Currently libertarians including anarchists, free market economists, students of Objectivism, classical liberals, limited statists, and others are actively discussing whether we can and/or should do away with government or not. The purpose of this note is to suggest 1) that the seeming division is not important today and 2) that it really boils down to a misunderstanding of terms rather than a different version of what a free society would be like.
First, if you see attainment of a free society by the reduction of power of the existing governmental institutions, you realize that this is going to take us a while. Libertarians can work together to eliminate all government functions except police, courts and defense. When that is all that the government does, those of us who are anarchists (and who haven't left the struggle to enjoy the abundant personal pleasures of that near-paradise) will argue for the further privatization of this and that function. That will be the time to argue, not now, with so much work for libertarians to do.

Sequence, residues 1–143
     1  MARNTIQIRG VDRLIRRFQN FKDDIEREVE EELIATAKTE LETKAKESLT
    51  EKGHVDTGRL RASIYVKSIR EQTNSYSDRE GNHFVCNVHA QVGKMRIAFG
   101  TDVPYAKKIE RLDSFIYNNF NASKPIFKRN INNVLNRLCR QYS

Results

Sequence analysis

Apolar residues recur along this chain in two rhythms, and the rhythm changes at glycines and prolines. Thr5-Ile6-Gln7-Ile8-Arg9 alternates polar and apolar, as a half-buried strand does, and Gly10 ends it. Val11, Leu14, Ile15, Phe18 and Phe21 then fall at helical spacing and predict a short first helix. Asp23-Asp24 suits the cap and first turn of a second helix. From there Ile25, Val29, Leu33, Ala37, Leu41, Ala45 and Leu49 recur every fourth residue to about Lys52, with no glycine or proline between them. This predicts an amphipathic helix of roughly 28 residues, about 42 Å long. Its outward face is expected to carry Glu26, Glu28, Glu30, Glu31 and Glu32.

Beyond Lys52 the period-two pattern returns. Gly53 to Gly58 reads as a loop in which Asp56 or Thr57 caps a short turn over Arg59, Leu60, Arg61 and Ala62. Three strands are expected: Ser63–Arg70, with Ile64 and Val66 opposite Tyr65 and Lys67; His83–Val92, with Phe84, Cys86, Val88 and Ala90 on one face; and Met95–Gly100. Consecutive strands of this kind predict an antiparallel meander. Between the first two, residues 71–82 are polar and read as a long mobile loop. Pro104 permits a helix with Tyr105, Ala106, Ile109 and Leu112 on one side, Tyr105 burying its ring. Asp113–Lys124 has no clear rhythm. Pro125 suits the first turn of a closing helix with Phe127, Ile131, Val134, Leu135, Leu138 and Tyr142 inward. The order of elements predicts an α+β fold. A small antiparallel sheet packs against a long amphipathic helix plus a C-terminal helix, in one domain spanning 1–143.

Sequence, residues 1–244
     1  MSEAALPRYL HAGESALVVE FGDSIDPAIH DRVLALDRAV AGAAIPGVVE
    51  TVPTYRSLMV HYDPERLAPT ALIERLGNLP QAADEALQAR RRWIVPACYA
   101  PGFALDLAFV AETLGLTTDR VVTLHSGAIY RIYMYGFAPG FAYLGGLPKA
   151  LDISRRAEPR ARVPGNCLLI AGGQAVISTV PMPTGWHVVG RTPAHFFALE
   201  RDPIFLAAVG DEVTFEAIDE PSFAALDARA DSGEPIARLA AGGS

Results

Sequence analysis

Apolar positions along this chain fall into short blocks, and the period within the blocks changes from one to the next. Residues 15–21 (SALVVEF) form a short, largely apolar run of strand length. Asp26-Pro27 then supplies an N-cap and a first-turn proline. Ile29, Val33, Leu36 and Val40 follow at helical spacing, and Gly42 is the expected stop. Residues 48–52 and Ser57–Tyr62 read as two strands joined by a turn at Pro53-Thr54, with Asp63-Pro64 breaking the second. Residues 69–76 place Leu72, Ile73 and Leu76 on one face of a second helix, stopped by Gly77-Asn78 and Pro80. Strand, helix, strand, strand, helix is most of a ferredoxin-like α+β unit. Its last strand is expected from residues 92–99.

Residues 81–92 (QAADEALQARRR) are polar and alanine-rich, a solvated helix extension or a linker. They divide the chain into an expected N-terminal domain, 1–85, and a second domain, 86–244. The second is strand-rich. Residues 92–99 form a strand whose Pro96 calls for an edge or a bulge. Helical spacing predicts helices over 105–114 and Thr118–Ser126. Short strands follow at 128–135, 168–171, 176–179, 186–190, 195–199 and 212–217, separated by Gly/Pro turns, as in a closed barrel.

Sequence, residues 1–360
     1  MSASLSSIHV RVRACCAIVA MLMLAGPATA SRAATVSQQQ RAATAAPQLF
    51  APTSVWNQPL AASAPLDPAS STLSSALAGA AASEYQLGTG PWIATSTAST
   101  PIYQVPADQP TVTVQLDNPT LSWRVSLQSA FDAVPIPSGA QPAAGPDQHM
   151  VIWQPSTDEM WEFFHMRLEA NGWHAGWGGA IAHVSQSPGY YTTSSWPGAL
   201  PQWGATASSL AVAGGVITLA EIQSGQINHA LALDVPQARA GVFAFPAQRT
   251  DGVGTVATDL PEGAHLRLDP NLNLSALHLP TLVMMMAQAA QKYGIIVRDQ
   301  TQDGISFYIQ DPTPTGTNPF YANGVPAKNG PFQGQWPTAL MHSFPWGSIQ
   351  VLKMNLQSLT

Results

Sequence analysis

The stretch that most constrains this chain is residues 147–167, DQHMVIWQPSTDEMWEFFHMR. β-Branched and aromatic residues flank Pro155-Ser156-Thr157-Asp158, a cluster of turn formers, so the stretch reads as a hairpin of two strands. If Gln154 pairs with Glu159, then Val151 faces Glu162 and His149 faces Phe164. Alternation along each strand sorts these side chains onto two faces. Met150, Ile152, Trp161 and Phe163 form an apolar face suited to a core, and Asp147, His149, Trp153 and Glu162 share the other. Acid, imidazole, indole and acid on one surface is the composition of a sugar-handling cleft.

Secondly, we seem to be using the words government and anarchy differently. Most libertarians who insist on government tend to define it as any arrangement by which a geographic area is controlled. Thus, a president, a dictator, a war lord, a corporation board of directors, and a private property owning individual are all the governments of the areas they control and have the final say in disputes in those areas.
These limited statists rightfully argue that anarchy or no-government can not exist. And indeed, it can not, because they have expanded their category (government) to include all the items (all systems) and left the other category (no government) empty (except, perhaps for the periods of transition between stable systems, periods usually of fighting and upheaval).
But for those who oppose government, anarchy has a different meaning. Coming from the Greek word Anarchos which means rulerless, anarchy is a system in which free men voluntarily associate with each other and peaceably settle disputes and establish agreements that they live by. The opposite is any system in which some group of men (government) imposes its will by force upon a people in an area.
There is no effort here to establish which are the "correct" definitions of these terms. I simply wish to suggest that we can agree (and I will use different terms) that a free society is one of voluntary association. The agreements that govern it are real "social contracts" (unlike the Constitution which you and I never signed). They would be more like the Articles of Confederation that was an agreement among States that did not confer powers of taxation and regulation on the Confederation Congress.